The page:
1. The job or workplace was not as expected
  2. Mismatch between job and person
  3. Too little coaching and feedback
  4. Too few growth and advancement opportunities
  5. Feeling undervalued and unrecognized
  6. Stress from overwork and work/life imbalance
  7. Loss of trust and confidence in senior leaders

With the exception, perhaps, of #7, each of these reasons offers evidence of hires that did not "work out." They reflect critical areas in which employees' expectations of support, recognition, leadership and more were not met by their employers. In doing so, these hidden reasons also bring to light a missing piece from the traditional hiring process: a way to determine whether the right person for the job is also the right "personality" long term for the attitudes, values, beliefs, norms and customs of the organization.

The #1 reason people fail after hire is due to lack of organizational culture fit.

For example, an entrepreneurial organization that expects employees to be hard-charging "self-starters" could be perceived as one that provides too little coaching and/or recognition. Similarly, a competitive, "do whatever it takes" environment may not provide the desired work/life balance for an employee with a young family, no matter how capable that person might be. The concept, known as culture fit (also Person-Organization or P-O fit) reflects changing dynamics of the workplace and labor markets that have led to a fundamental rethinking of the hiring process.

An aging workforce and the need for increasingly specialized skill sets have helped to shift the balance of power from employers to prospective employees. Consequently, arriving at a sound, high quality hiring decision is no longer achieved with a one-sided interview, but through a two-party conversation designed to put as much information on the table as possible. At the conclusion of that exchange, both the employer and the prospective employee need to be confident that they are making the right decision about their respective futures.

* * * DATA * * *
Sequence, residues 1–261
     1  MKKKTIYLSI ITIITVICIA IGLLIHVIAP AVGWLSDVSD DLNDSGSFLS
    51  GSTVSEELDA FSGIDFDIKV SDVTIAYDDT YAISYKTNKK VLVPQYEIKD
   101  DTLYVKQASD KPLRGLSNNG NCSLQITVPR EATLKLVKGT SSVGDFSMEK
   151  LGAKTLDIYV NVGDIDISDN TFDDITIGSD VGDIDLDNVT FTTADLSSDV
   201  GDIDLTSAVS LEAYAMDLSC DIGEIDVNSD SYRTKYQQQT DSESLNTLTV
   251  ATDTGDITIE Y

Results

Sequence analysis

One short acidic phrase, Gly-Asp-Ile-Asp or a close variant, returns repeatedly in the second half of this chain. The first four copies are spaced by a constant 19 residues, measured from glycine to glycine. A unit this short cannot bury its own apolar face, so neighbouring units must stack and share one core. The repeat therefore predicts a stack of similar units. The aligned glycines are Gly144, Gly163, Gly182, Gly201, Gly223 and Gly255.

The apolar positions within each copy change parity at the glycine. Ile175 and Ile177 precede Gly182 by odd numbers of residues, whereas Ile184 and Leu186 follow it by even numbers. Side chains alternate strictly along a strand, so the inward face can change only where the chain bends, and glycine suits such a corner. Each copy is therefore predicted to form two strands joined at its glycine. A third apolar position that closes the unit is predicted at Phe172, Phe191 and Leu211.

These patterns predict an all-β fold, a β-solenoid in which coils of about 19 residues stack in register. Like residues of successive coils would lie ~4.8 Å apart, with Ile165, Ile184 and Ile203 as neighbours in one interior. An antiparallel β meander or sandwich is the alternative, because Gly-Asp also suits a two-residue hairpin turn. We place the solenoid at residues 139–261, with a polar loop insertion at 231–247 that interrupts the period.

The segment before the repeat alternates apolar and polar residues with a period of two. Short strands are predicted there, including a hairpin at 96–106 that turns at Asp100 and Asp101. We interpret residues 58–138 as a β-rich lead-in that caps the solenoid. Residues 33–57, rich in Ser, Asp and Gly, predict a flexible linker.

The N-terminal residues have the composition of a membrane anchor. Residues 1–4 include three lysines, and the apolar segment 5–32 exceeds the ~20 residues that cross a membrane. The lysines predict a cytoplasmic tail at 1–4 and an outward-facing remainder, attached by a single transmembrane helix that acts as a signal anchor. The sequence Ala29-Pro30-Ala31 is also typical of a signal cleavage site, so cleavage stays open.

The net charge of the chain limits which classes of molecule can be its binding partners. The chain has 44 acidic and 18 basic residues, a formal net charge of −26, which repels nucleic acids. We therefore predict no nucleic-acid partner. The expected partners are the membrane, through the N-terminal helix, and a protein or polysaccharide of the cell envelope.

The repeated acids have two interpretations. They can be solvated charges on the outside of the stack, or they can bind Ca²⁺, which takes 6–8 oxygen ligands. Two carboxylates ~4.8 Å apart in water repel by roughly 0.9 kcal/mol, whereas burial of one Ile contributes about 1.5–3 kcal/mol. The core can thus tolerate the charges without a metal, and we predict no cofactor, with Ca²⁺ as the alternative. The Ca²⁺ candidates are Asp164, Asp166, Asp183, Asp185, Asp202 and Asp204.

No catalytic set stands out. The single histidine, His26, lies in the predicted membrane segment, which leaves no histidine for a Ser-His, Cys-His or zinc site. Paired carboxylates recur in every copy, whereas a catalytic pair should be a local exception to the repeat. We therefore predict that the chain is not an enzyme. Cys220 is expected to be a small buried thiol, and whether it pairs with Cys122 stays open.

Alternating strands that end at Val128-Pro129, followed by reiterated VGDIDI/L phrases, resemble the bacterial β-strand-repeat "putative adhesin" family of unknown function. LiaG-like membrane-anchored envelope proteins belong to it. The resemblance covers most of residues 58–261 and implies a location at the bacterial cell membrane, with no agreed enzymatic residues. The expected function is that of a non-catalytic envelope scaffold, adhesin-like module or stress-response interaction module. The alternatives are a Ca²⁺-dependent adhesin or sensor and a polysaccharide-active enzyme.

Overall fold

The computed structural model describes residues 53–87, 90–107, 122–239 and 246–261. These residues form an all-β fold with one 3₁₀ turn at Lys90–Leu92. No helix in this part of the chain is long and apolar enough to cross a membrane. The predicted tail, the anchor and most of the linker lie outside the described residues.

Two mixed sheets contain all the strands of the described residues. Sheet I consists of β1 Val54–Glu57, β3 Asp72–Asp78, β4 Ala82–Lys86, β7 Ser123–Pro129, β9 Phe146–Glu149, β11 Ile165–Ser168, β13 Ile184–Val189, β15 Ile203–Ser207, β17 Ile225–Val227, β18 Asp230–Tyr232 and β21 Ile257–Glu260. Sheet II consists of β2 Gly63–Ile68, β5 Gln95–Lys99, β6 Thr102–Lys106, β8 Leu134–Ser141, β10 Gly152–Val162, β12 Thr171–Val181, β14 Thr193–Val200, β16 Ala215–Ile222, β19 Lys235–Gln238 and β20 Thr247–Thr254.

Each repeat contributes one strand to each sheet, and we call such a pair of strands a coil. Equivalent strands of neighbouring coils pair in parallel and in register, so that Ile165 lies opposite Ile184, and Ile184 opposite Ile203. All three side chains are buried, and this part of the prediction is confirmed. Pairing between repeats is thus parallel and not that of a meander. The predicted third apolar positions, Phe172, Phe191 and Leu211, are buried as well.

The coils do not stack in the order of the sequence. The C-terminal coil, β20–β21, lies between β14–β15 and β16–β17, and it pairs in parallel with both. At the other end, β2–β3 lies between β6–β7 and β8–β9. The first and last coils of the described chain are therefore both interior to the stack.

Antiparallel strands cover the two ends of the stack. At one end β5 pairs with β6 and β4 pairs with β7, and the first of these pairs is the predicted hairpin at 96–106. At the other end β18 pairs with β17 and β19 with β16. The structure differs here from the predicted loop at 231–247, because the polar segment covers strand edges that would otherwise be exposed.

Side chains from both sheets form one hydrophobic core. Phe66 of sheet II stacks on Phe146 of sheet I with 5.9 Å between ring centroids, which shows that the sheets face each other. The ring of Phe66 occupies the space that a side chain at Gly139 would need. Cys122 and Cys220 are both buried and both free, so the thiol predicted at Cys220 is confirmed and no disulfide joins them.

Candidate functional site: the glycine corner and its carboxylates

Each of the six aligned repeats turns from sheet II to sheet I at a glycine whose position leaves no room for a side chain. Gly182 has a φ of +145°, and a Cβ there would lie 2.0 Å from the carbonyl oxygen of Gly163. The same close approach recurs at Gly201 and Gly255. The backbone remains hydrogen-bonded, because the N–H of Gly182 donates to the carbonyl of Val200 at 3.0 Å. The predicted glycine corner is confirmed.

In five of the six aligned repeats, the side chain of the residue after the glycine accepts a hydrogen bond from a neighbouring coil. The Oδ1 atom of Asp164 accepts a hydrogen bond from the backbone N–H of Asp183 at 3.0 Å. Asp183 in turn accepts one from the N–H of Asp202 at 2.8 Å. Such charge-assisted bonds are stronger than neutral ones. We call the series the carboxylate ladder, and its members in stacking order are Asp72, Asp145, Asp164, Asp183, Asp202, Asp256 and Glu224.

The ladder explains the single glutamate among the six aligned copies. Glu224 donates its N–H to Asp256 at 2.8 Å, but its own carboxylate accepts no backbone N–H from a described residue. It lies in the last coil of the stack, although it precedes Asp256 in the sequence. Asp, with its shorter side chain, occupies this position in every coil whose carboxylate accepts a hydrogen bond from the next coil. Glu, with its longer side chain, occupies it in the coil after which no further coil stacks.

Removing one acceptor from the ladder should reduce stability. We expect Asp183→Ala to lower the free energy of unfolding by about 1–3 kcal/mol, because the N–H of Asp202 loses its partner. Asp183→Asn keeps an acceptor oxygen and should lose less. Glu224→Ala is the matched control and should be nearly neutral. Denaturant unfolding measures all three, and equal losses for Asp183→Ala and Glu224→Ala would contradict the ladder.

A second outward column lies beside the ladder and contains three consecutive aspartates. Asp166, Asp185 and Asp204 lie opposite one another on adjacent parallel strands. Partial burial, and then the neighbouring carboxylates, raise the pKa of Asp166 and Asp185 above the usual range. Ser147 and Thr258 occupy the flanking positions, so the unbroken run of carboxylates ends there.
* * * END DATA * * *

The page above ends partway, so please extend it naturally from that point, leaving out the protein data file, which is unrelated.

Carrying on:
There is also bottom-line impact to consider. Research has shown that organizations that hire for culture fit see significant improvement in job performance, job satisfaction, retention, organizational commitment and reduced turnover. Assessing culture fit, however, does not negate the importance of diversity and inclusion to maintaining a dynamic, competitive workforce. An organization that always hires in its own image and fails to seek and value diversity faces considerable legal liability and risks to sustainable growth.

Clearly, when all the issues are considered, the traditional model of hiring for job fit alone no longer measures up for consistently selecting and retaining the best candidates. Employers need a way to ensure that the right person for the job and the right personality for the organization are one in the same. In this new hiring model, interviewing is the key to getting the complete picture of each candidate, and in turn, giving candidates a whole picture of the job and the organization behind it.